Second Semester
CJ204 Criminology
This course focuses on the social construction of deviance and crime. It addresses major theoretical perspectives that explain crime in America. It investigates societal responses to crime and current issues facing the criminal justice system. It emphasizes public policy implications of the theoretical perspectives. Prerequisite: SO101 Introduction to Sociology. See when this course is offered ...
EN102 English 2:Idea&Values Lit
This course encourages a deeper understanding of human nature and the human condition through the study of ideas and values expressed in imaginative literature. Emphasis is placed on the use and development of critical thinking and language skills. Library-oriented research is required. Prerequisite: EN101 English 1: Composition or EN106 English 1: Composition and Reading. See when this course is offered ...
PY101 Intro General Psychology
This course introduces the many and varied facets of psychology. Emphasis is on interactions of individuals in their cultural, social, and economic environments as determined by their cognitive, behavioral, and emotional experiences and training. See when this course is offered ...
SS218 Methods of Research
This course focuses on understanding and applying scientific methodology to an area of inquiry within the social sciences. It covers quantitative and qualitative methods of research including survey research, interviewing, archival analysis, experimentation, and participant observation. Using data-gathering techniques, a number of mini-research projects are conducted. The application of statistical techniques to data analysis is stressed. Computer software applications are used to analyze data from a variety of sources. Research teams are formed to design and implement final research projects. Prerequisites: SO101 Introduction to Sociology and either CJ101 Introduction to Criminal Justice or PS102 Introduction to Public Policy. See when this course is offered ...
Core GE Natural Science 4 Cr
Please select a Core (bolded) course from Category 2 Natural Sciences.
Third Semester
LE118 Police Procedures-Basic
This course examines the history and contemporary aspects of law enforcement. It introduces students to fundamental police processes, particularly the role that discretion plays in policing. The bodies of law that are relevant to law enforcement are practically applied and critical thinking skills are developed and assessed through exercises both inside and outside the classroom. The use of force continuum is explained, practiced and evaluated. Students begin to develop the physical skills and defense tactics necessary to transition into a law enforcement career. See when this course is offered ...
LE119 Police Procedures-Intermediate
This course introduces students to the intermediate skills required of police officers. Building on the foundation received through the successful completion of LE118 Police Procedures - Basic, students begin to learn more advanced techniques of police observation and patrol. Application of the scientific method in both accident and criminal investigation is developed. Ancillary New York State law is discussed and practically applied. See when this course is offered ...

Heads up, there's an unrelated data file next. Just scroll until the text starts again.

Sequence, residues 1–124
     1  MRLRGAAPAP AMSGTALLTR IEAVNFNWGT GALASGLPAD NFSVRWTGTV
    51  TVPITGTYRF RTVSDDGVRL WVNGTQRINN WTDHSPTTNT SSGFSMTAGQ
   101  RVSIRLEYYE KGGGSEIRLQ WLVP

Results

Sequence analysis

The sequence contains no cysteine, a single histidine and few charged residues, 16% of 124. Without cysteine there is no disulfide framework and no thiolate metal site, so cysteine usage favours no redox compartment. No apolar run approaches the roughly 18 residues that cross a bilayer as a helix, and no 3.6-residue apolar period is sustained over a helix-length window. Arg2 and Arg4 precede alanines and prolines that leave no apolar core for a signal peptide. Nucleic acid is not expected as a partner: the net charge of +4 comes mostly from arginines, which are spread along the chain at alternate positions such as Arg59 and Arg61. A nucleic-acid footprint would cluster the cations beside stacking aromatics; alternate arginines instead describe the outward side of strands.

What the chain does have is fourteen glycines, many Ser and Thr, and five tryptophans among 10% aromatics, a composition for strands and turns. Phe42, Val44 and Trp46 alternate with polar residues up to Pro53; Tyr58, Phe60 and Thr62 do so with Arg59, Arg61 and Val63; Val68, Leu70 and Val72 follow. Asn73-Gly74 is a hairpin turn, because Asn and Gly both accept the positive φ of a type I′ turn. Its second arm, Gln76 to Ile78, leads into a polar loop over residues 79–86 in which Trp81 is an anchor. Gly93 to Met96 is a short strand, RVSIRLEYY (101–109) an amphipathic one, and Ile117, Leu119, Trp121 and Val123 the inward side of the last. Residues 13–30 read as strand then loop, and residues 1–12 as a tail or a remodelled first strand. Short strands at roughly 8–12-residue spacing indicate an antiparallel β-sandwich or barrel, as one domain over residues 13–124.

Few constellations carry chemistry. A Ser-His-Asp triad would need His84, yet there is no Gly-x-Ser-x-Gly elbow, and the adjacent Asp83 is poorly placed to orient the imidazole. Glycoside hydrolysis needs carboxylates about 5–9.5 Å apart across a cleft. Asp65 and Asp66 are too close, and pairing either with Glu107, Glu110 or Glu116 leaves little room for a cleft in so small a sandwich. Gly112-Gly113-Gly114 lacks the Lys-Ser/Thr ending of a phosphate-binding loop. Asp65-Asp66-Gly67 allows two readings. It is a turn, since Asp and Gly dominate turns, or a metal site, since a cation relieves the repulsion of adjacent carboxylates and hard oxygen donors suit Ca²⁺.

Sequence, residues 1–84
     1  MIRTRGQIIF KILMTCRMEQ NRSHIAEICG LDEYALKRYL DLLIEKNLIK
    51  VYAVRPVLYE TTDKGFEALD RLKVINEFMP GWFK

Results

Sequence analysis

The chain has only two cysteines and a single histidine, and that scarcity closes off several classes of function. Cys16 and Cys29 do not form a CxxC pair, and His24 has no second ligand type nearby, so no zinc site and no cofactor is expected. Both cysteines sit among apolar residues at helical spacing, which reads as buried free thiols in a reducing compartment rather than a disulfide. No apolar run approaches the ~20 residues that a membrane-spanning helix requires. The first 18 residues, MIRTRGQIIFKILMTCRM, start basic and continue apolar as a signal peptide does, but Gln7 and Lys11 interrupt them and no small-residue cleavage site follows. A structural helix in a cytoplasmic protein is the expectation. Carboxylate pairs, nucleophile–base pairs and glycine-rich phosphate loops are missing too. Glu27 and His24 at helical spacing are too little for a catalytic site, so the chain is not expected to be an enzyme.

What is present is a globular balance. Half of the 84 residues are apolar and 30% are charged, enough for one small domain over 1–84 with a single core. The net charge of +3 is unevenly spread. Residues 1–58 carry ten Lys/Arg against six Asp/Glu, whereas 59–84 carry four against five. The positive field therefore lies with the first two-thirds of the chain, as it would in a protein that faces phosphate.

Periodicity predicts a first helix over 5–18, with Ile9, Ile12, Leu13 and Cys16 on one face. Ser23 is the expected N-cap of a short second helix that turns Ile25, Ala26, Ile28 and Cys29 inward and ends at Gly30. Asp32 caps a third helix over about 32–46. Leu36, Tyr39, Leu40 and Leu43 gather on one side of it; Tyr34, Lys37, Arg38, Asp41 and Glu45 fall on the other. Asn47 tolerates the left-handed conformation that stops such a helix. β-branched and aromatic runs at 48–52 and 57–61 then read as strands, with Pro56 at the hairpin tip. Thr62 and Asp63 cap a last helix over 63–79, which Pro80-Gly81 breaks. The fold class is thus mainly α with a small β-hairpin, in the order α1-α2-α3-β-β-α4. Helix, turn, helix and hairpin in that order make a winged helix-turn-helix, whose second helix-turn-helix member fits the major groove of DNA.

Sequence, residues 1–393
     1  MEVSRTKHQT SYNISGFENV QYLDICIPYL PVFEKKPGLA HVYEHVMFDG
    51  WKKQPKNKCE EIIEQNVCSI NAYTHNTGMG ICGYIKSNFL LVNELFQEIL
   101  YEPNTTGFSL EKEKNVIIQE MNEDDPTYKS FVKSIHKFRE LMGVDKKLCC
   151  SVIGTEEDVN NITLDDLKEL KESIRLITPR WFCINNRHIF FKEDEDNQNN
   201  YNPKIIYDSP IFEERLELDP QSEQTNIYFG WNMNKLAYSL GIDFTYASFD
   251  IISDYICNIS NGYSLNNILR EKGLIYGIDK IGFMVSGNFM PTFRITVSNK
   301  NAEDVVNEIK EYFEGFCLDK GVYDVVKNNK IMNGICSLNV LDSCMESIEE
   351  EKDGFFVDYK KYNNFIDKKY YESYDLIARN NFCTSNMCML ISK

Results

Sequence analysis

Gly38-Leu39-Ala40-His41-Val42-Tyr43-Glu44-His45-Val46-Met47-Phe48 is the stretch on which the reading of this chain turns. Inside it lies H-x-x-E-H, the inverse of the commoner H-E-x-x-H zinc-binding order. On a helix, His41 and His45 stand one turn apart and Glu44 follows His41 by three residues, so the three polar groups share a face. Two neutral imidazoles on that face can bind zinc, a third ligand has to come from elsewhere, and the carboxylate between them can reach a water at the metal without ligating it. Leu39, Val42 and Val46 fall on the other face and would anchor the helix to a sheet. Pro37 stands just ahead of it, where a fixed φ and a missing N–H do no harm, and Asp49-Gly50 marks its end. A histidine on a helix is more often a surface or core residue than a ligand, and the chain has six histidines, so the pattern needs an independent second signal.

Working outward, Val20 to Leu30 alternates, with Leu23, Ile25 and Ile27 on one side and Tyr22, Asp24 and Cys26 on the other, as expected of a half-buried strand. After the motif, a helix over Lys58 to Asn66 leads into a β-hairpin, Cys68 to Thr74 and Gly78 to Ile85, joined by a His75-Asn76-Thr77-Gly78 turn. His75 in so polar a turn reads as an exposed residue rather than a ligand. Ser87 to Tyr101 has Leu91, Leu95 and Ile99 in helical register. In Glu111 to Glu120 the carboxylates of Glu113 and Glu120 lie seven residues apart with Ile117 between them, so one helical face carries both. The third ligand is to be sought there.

LE120 Police Procedures-Advanced
Building on the foundations of the LE118 Police Procedures-Basic and LE 119 Police Procedures-Intermediate, this course immerses the students in the more advanced techniques of American policing. Students employ the laws, techniques, and methodologies required of the modern law enforcement officer. Essential proficiencies are applied through continued hands-on development. Students display competencies in advanced areas including crowd control techniques, responding to incidents of domestic violence, detecting and apprehending intoxicated drivers, and responding to unusual incidents. See when this course is offered ...
PE155 Police Fitness Training
This course covers the physiological capacity for successful completion of the fitness requirement for an entry-level police officer as prescribed by the Municipal Police Training Council of the State of New York. The NYS Police Officer minimum fitness requirements are incorporated. See when this course is offered ...
PE162 Self Defense
This course introduces basic self-defense moves, escapes from grabs, using restraining holds, kicking techniques and punching. Escaping and restraining will be done with partners. Punching and kicking will be done against targets and pads held by partners. This is not formal Martial Arts training; this is an introduction only. Emphasis is placed on preventative measures for personal protection. See when this course is offered ...
Fourth Semester
LE121 Prncpls of Law for Police Off
In this course, students examine the operations of the criminal justice system with a specific emphasis on the role and responsibilities of police officers. There is a particular focus on the legal basis for law enforcement operations derived from the United States Constitution. In addition, students explore New York State Penal Law, Civil Procedure law, Vehicle and Traffic Law, and Juvenile Procedures. Routine patrol responsibilities are also explained. See when this course is offered ...
LE122 Techniques of Investigation
In this course, students study various topics, actions, and procedures required to investigate a crime. It provides students with proven techniques that assist in obtaining information critical to any investigation. This includes street traffic stops, as well as violation, misdemeanor, and felony investigations. See when this course is offered ...
LE123 Policing in the Community
This course covers community relations issues as well as the skills needed to address them. Topics include cultural diversity and special needs of the community. Emphasis is placed on ethical issues and the limitations of community resources and services, and crime prevention. The course also addresses effective and compassionate approaches to child abuse cases. See when this course is offered ...